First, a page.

“New Year, New You.” What a load of bollocks that is. I threw that notion in the bin many years ago. And I haven’t made a New Year resolution for as long as I can remember. If I were to make one related to this space it would probably be to stop writing Wicked Wednesday posts on a Thursday one hour before the deadline. But I also know myself well enough to know that Marie will get at least five messages from me this year saying “oops, I missed the Linky tool by 10 minutes.”
One thing I have done every year since 2011 is spend the time between the family Christmas commitments and back to work on the first Monday in January reflecting on the year gone by, what went well and what didn’t and how I want to evolve myself. This habit was born out of my switch from employment to self-employment and the fact that I was missing the structure of the annual appraisal process. I know – weird! You’re meant to hate appraisals and 365 feedback but I bloody love it. I was missing the opportunity for structured reflection when I came across an article from a self-employed man who every winter took himself off for a week of solitude, self-appraisal and personal goal setting.
Now, every year during this period I reflect on the whole year and the whole me – both personally and professionally. When you’re self-employed boundaries between the parts of your life blur even more significantly than they do for anyone in our ‘always switched on’ culture. Also – to state the blindingly obviously – when you are your own boss you literally have nobody else to blame for your professional frustrations. Yes, of course there are influencing factors like clients being dickheads or moving budgets or natural disasters that change a whole schedule, but essentially you control your own direction and change what you want and need to.
This annual process of review has helped me spot trends in my work patterns and make peace with them and I have adjusted my personal life accordingly. Sure, I’d rather not have to work 12 hour days for most of the winter but now, rather than see that as a burden I see it as banking time. So when summer rolls around and work goes quiet it would literally not occur to me to sit at my desk trying to create or chase work. I down tools and head off for photo adventures, lazy lunches and gallery outings. I feel absolutely no guilt for this and I shrug off the ‘lucky you’ comments because I can’t be arsed to waste time explaining why I deserve this. And when it’s 11pm in January and I am still at my desk I remind myself that summer is coming.
This period of reflection has also helped me spot the trends in what causes me stress and what creates joy. The process of observing myself means I know myself so much better than I ever did. I absolutely know there are some things I have to have to be my best me. To be me at all, actually.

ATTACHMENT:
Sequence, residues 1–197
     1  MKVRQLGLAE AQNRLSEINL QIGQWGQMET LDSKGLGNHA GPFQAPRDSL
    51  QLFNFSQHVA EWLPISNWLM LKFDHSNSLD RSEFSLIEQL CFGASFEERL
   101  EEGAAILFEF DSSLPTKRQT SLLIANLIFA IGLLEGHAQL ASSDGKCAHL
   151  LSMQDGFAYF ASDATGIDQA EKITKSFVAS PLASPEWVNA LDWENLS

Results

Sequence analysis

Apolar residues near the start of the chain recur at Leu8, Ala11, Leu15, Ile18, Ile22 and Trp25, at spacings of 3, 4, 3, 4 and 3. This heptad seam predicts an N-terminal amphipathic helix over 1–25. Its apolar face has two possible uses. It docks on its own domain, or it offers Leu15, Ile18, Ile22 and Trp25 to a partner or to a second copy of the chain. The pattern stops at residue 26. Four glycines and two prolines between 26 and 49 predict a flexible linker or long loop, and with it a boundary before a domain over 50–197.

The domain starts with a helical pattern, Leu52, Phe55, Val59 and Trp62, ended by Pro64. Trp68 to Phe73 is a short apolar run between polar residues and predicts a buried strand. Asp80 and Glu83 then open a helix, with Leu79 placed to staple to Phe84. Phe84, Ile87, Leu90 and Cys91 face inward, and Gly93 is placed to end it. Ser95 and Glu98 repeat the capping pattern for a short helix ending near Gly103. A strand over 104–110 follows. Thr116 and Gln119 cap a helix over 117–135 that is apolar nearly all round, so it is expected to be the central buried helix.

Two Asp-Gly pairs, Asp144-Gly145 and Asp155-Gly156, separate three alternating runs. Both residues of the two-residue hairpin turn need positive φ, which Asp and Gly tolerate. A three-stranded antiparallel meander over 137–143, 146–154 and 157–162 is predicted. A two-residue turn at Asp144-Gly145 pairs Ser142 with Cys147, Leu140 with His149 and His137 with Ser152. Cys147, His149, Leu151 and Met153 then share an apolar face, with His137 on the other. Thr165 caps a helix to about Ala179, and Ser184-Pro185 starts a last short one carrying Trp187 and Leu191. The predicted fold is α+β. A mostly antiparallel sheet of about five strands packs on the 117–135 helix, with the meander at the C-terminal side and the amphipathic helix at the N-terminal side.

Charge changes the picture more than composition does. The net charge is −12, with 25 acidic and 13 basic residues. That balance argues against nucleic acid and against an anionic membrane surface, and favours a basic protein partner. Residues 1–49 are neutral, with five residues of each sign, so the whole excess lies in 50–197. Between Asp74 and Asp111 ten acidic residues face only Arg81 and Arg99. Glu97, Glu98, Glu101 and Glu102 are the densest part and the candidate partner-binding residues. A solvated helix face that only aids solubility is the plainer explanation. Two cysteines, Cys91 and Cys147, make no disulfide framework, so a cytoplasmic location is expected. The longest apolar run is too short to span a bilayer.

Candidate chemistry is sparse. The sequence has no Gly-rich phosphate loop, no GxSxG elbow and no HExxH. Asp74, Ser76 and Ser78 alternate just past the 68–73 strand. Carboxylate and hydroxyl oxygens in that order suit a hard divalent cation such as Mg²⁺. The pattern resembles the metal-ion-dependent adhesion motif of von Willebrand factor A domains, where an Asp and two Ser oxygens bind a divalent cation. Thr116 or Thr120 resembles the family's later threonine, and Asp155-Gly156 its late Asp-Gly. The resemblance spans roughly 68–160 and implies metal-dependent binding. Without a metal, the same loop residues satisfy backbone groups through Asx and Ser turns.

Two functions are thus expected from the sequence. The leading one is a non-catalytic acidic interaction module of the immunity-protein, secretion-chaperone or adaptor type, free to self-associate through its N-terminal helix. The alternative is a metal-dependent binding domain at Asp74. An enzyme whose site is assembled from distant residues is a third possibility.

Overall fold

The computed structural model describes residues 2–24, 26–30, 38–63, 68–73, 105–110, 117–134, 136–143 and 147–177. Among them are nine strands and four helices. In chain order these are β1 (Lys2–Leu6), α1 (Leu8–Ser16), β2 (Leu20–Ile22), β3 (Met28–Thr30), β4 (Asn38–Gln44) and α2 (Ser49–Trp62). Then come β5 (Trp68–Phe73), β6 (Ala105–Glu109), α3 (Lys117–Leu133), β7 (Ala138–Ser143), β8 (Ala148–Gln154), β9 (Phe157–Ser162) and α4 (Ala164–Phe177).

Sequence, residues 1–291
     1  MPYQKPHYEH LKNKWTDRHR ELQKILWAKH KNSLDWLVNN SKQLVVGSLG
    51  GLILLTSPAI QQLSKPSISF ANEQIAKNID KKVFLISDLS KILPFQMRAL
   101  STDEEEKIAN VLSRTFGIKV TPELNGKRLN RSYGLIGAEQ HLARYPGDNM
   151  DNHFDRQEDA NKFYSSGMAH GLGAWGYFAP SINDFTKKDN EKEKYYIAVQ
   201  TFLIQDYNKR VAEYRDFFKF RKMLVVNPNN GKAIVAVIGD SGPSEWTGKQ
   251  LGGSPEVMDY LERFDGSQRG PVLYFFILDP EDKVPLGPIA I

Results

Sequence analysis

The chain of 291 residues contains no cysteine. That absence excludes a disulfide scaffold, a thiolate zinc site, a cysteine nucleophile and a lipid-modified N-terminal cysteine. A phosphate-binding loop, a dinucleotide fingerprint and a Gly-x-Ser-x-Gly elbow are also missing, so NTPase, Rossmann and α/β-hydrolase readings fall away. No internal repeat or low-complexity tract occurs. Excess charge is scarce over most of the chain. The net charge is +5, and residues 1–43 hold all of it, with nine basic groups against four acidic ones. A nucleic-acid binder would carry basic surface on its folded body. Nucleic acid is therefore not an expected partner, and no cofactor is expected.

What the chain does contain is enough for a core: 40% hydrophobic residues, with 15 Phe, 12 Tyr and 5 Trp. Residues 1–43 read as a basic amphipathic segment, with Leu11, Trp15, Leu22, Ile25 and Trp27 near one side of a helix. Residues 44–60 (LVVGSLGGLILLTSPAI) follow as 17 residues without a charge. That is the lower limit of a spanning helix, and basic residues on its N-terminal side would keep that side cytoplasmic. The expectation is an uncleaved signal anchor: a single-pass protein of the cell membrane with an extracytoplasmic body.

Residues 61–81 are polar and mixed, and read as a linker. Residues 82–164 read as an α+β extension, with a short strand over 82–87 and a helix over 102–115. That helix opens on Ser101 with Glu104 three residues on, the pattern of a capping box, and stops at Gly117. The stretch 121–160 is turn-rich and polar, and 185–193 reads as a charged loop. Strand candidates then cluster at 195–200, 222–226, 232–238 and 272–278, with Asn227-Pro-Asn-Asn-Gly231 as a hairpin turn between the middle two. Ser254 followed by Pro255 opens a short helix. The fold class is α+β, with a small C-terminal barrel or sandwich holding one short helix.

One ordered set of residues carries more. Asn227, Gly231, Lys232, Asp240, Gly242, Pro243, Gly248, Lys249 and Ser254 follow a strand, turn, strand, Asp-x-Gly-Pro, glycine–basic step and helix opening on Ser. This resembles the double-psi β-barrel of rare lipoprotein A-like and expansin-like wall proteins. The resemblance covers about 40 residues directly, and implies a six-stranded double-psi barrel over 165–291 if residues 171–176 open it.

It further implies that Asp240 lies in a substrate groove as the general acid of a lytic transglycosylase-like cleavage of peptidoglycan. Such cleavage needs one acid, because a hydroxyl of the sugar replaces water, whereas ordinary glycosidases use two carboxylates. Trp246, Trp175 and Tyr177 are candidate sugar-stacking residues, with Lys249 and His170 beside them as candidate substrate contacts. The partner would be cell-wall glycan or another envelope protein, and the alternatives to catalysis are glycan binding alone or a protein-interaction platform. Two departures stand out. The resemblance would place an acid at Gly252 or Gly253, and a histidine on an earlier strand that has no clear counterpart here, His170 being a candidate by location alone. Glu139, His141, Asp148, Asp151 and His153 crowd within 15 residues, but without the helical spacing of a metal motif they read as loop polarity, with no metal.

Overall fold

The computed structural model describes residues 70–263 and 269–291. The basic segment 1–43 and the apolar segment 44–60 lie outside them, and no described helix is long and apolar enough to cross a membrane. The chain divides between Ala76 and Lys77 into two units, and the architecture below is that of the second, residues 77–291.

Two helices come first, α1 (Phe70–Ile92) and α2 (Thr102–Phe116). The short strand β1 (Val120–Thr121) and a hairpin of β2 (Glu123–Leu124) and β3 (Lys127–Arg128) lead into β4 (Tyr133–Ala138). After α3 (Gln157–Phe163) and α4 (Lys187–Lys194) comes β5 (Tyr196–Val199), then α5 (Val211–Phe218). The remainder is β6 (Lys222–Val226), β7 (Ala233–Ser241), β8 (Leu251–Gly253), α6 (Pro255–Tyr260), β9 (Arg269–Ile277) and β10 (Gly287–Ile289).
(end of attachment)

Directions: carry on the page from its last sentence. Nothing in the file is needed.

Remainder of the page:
I can’t not travel. I have always loved travel but actually I now know it is more than something I love to do, it is my red thread. Without a trip planned in and something to research, work towards and save for, all the hours and the work stress can seem without purpose. For me, there is no energy like the energy I feel when I step off a plane and smell a new country.
I have to cook. In cooking I relax, I daydream, I nourish myself and it feels good. I am not a ready meal snob (you do you!) but for me personally I find the idea of shoving something in a microwave like my meal doesn’t matter because I am only cooking for one genuinely soul-destroying. And cooking for and with people and sharing meals and many bottles of wine around my dining table is pretty much the clearest way I have to express love.
I have to take photos. That used to just be travel photos and photos around London but clearly in the last five years that has evolved into this project, which is now such a big part of who I am and the friendships I have.
Finally, I have to have time alone. If someone had told me a few years ago how much I would grow into myself through the simple process of living alone and wallowing in peace and solitude I would not have waited until I was 40 to live alone.
When I started this annual process of reflection I started setting goals alongside it. Not resolutions, goals. They were fun things to work towards – volunteer at the Olympics, have more sex, travel to all the EU countries. But in recent years they started to get more specific – read 30 books, run 500 miles, walk 500 miles and walk five hundred more, visit 24 exhibitions, write two posts a month and take a photo every week, two new recipes a month. At first this was fun but every year I was upping numbers and creating more targets. I am a completer finisher so saying I will do something and then not doing it causes me huge stress but the targets I was setting myself were not being mindful of my work patterns. The process had started to eat itself and I had started to put myself under constant pressure to ‘do’ all the time. I was forgetting how to just be.
So this year I will be more light touch. I will travel, I will photograph people and places, I will cook for me and those I love, I will read, I will write, I will wander round galleries, I will train for a 10k and a half marathon (both booked), I will continue to nurture and be committed to my most important partnership, I will explore the opportunities for kinky fun with friends I trust, I will do some new dating because I feel like soaking up the rush of NRE. But this year there will be no numbers because numbers stress me out.